Key Seats Will Decide Election

The general election campaign is well underway, as voters prepare to go to the polls in 650 seats across the UK.

But the outcome will be determined by the results in just a cluster of constituencies.

Most seats never change hands in national polls so the fight is focused on a small number of marginal battlegrounds that have previously mainly flipped between Labour and the Conservatives.

But the rise of the smaller parties has muddied the waters and left pollsters unable to predict the likely outcome on May 7.

Labour's biggest threat is north of the border with predictions that the party faces obliteration in Scotland come polling day following the rise of the SNP.

Pollsters have estimated that Nicola Sturgeon's party could all but wipe out Labour's Scottish power base and previously safe seats are now wide open races.

The SNP will be keen to claim high-profile political scalps with Scottish Labour leader Jim Murphy's East Renfrewshire constituency, won with a 10,420 majority, now vulnerable. Margaret Curran's seat in Glasgow East, won with an 11,840 majority, will also be firmly in its sights.

Labour has an "entirely offensive'' national campaign to win over 106 seats it does not currently hold - with four out of five currently held by the Conservatives. If the party succeeded in taking the seats they would be winning back 88 of those lost in 2010 and 15 from 2005 along with three others.

Warwickshire North, Hendon, Cardiff North, Sherwood, Norwich South and Stockton South are at the top of its hit list. It would need to take Norwich North from the Conservatives on an even nationwide swing to win the election.

The target list also includes Thurrock, traditionally a straight fight between Labour and the Conservatives and on course to return to the Opposition until the rise of Ukip.

Taken by the Tories by just 92 votes in 2010, it was Ed Miliband's number two target and one of his former aides, Polly Billington, was chosen as the candidate.

Now, it is in Ukip's crosshairs and is set to become one of the focal points of the campaign as the parties slug it out in a three way battle.

Matthew Goodwin, associate professor at the University of Nottingham, said Ukip is likely to affect the Conservative vote in up to 69 seats and Labour's support in up to 59.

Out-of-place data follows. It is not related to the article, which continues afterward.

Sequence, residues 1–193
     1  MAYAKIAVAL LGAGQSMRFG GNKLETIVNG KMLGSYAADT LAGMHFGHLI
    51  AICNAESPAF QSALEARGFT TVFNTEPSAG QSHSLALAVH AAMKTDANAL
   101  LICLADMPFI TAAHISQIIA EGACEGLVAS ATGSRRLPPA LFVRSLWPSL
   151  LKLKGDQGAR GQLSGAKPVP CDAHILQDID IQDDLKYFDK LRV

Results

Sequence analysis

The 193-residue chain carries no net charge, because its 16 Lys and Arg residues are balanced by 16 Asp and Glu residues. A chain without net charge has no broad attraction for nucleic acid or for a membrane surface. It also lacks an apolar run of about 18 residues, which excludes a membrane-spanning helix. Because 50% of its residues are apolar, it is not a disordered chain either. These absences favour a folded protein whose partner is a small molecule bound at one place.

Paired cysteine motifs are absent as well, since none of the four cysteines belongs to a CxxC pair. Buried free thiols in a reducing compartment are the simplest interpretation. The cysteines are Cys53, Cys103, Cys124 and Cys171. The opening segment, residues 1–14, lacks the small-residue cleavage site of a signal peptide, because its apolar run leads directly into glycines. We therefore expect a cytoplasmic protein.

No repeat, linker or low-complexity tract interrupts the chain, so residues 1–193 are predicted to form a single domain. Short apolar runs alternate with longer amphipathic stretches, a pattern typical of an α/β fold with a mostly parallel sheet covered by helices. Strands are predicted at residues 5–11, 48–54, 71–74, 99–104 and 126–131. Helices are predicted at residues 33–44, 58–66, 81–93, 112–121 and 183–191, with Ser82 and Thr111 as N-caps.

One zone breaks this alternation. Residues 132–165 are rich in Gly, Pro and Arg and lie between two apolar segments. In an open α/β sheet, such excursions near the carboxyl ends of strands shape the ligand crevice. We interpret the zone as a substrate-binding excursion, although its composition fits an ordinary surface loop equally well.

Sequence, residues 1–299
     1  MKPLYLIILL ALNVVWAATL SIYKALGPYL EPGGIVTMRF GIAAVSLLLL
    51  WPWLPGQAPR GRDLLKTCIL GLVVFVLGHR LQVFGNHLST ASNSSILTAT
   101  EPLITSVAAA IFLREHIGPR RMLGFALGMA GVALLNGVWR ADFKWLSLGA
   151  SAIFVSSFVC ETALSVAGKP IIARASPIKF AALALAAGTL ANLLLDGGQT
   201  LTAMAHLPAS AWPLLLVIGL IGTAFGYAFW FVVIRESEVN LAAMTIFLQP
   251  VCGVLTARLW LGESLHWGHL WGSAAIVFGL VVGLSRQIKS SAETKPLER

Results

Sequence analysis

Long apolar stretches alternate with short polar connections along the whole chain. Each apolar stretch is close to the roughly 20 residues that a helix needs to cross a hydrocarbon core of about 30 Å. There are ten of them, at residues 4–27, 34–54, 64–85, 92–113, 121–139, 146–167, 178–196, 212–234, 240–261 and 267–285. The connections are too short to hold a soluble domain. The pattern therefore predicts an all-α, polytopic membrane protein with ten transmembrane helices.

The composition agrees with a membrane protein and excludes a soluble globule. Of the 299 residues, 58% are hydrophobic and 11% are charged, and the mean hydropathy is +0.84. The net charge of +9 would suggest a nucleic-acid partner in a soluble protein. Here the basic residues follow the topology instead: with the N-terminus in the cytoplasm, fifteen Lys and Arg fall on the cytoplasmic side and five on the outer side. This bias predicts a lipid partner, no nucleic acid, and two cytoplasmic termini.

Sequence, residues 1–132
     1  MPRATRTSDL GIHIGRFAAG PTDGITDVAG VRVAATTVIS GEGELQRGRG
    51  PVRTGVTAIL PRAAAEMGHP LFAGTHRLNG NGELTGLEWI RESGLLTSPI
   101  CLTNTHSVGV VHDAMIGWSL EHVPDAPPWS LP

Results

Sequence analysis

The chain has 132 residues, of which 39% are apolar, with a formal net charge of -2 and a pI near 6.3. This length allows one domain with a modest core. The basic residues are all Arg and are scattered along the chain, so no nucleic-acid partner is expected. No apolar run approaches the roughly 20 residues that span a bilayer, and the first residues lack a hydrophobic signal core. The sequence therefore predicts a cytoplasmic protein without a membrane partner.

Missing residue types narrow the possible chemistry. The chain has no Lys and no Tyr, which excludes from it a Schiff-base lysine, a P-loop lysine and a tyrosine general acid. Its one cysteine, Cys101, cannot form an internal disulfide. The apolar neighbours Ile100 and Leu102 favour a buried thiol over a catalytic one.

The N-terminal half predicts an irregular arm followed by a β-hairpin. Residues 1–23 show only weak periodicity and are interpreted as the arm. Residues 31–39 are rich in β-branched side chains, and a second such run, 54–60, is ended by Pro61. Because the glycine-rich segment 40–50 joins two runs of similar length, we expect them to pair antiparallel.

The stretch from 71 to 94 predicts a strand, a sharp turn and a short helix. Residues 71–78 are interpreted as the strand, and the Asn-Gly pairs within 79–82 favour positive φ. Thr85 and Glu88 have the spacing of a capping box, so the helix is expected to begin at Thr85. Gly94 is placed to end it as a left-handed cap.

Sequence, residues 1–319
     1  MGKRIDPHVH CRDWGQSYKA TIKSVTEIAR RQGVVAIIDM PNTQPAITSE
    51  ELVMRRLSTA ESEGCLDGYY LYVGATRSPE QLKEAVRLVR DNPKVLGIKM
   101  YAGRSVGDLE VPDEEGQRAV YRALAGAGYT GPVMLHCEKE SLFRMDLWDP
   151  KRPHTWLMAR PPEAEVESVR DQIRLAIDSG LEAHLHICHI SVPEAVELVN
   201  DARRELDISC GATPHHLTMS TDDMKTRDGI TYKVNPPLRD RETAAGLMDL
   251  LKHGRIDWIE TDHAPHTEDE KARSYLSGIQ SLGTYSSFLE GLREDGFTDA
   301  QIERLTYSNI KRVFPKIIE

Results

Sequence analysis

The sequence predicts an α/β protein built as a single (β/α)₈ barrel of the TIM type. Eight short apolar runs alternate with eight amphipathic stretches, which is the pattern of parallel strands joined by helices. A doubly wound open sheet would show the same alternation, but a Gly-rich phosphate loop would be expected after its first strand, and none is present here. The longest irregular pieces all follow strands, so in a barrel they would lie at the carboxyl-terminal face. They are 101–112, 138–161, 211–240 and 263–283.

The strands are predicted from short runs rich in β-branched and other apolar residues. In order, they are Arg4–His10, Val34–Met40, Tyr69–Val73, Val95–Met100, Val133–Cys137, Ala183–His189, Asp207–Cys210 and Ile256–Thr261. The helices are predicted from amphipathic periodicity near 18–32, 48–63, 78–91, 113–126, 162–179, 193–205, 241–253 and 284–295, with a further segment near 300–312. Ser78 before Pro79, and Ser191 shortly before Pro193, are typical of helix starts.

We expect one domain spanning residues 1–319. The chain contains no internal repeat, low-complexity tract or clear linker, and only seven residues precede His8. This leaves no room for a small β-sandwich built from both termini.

He pointed to Thanet South, where Mr Farage is standing, Clacton and Rochester & Strood - where it currently has MPs - Thurrock and Great Grimsby, as key seats the party will be focusing on. Boston & Skegness will also be a key battle for the party.

"Most analysts are predicting Ukip will win between three and six seats but the indirect impact they will have is far wider,'' he said.

The Conservatives are said to be adopting a 40/40 campaign strategy that will see them targeting 40 seats they do not currently hold and 40 where they have small majorities.

Among the constituencies they will focus on are Hampstead & Kilburn, where Labour's Glenda Jackson is standing down, Bolton West, Solihull, Southampton Itchen, Mid Dorset & North Poole, and Wirral South.

The Tories are also gunning for shadow chancellor Ed Balls, who won his Morley & Outwood seat with a majority of 1,101. Claiming Newcastle-under-Lyme on an even nationwide swing would secure them victory.

Coalition has not been kind to the Liberal Democrats with the party's popularity plummeting to as low as six points in some polls and predictions it will lose around half of its seat.

The party is likely to put its efforts into shoring up support in its South-West heartlands, where the fight is against its Conservative coalition partners. In seats where its biggest threat is from Labour the ``game is up'' according to academics.

Although leader Nick Clegg's Sheffield Hallam seat is one of the safest the party holds, with a majority of 15,284, volatile polling suggests it could be vulnerable to a Labour win.

Chris Hanretty, reader in politics at the University of East Anglia and one of the contributors to, said: "We expect the Liberal Democrats to win 24 or 25 seats. They are going to try and stem the flow in seats where they are facing a Conservative challenger. Where they face Labour the game is up.''

He added: "I think Ukip will have its best results to the east of London in the estuary towns. Its long-term strategy may be to win seats in the north but short term it is not desirable.''

Mr Hanretty said the election forecast model the team uses is conservative in its predictions but still has the SNP on course to win up to 45 seats.

"A lot of the seats are seats you would not normally consider as battlegrounds but Jim Murphy and Edinburgh South will be ones to watch.''

But he added: "In the run up to the election we expect the parties that have been doing better in the polls, such as Ukip and the SNP, to fall back a little and the Conservatives and Labour to increase a little.''

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